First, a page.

But for most political observers, Kenya's elections on 8 August are the most portentous. A clear margin of victory for either party in a contest generally judged free and fair would give progressive forces a huge boost. But as our reports suggest, that is increasingly unlikely.

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Letting a crisis go to waste

President Buhari's supporters insist he's about to take back the reins of office and all bets are off for the 2019 election

Politicians from Chicago to China insist that lurking behind every crisis is an opportunity. Nigeria has been putting that adage to the test, first with the crashing oil prices and...


ANC dilemma deepens

The ruling party is under growing pressure to decide between its leader and its future

As South Africa's political crisis deepens ahead of the no-confidence motion vote aimed at ousting President Jacob Zuma on 8 August, a broad front of civil society organisations is...


Donors risk funding a fix

The ruling party is laying the groundwork for using biometric technology to help it rig the result of the next election

High hopes for biometric electoral registration, which should be in place before the 2018 elections, may well be misplaced, Africa Confidential can reveal. Leaders of the Zimbabwe ...


After Ellen

Presidential hopefuls are finding it difficult to get their message heard in a crowded field of twenty candidates

Officially, campaigning for the seat shortly to be vacated by President Ellen Johnson-Sirleaf, Africa's first female President and a Nobel Peace Prize laureate, began on 31 July. Y...


Court in the cross-fire

The country's most senior judges are under assault from commentators who suspect them of siding with the government

The Constitutional Court faces harsh criticism for a perceived bias towards President Edgar Lungu and for reversing its decisions after he and members of the governing Patriotic Fr...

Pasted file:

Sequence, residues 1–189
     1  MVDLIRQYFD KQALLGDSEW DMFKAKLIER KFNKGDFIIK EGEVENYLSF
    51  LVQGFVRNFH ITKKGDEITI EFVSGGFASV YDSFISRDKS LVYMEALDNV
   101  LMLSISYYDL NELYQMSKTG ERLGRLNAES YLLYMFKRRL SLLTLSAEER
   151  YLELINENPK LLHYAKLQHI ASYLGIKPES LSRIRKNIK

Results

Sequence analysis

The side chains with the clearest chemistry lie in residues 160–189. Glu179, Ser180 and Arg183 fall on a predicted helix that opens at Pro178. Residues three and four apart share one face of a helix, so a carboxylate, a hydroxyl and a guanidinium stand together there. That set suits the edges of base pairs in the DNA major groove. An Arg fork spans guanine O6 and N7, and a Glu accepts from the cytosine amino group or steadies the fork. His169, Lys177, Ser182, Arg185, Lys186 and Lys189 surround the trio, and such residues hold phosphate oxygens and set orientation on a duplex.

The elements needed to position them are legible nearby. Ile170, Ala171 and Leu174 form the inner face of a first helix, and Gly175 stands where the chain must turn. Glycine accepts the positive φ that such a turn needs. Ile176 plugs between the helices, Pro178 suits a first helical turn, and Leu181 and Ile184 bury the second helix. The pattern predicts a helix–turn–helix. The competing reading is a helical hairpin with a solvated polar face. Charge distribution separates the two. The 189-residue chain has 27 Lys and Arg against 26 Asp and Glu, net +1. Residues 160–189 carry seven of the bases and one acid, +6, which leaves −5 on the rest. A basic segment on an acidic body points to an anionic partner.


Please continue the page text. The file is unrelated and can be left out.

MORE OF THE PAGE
Luanda uneasy as poll approaches

Whether or not the rumours about the President’s ill health are true, the signs that his era is ending are already showing

The state of health of President José Eduardo dos Santos has long been one of Angola's best-kept secrets. So it has remained for the three months since he was rushed to a Luanda h...



Pointers

Who loves ya, BBY?

Prime Minister Mahammed Boun Abdallah Dionne declared on 1 August that the presidential coalition Benno Bokk Yakaar, which he managed, had swept the electoral board, taking 42 of S...


No licence to drill

African Petroleum Corporation Limited, founded by Vasile 'Frank' Timis, risks losing its foothold in Gambia's growing oil and gas sector after failing to renew the exploration lice...


Seek asylum elsewhere

A Rwandan former general exiled in South Africa, Faustin Kayumba Nyamwasa, has lost his official status as a refugee. Pretoria is using a May court ruling to improve its poor relat...


Military justice

Juba has reacted angrily to Amnesty International's latest report, Do Not Remain Silent: Survivors of Sexual Violence in South Sudan Call for Justice and Reparations. The report co...